The type of loving response you ask about concerns the third-dimensional choice within the duality of positive and negative. Exiting the duality and becoming enlightened removes the negative aspect to physical love and makes it unconditional and positive only. That results in nothing being right or wrong but just a choice of what can teach you the most. Blindly accepting another’s changes is saying that they know more about what you need to grow than you do. There may be no love coming from them to find.

As people change with the experiences they have, they may no longer be suited for the union that once seemed perfect. Becoming proficient at addition and subtraction will serve you little in calculus. And if your partner has not advanced in mathematics, you may no longer have anything to share and to talk about. The choice, of course, is always yours to make. But, do honor yourself and your reason for incarnating.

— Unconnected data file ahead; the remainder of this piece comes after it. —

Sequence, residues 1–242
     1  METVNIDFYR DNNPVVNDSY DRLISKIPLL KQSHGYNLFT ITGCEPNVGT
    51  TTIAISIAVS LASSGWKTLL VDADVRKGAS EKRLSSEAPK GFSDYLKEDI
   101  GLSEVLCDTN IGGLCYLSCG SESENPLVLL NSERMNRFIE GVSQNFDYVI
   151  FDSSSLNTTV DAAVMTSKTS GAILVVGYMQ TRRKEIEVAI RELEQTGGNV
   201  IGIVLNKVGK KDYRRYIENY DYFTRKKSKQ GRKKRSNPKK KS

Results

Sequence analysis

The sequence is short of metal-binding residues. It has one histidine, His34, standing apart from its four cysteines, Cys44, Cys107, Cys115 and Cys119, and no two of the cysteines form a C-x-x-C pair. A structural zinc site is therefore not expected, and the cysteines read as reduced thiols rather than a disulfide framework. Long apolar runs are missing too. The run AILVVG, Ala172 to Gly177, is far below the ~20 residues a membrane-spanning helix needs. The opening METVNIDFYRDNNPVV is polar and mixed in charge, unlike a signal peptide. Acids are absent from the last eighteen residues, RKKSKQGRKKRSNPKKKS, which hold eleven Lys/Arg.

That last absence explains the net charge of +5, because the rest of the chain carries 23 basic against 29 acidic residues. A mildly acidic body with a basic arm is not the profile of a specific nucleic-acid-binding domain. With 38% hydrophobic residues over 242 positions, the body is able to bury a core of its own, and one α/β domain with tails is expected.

Growing apart

Tuesday, July 9th, 2019

QUESTION: Masters I’ve been married for 40 years. Though we’ve been through lots of critical moments, I considered we’ve helped each other to grow individually, and as parents. Nowadays we seem to have no affective connection, no affinity, no mutual interest except when it refers to our daughters or to material issues. My current objective in life is my spiritual growth, while he despises this matter. On the other hand, he has a good heart. Help me to understand what I can learn from this and how I deal with the needs of both, without disrespecting one another as usually happens? ~Sue, Brazil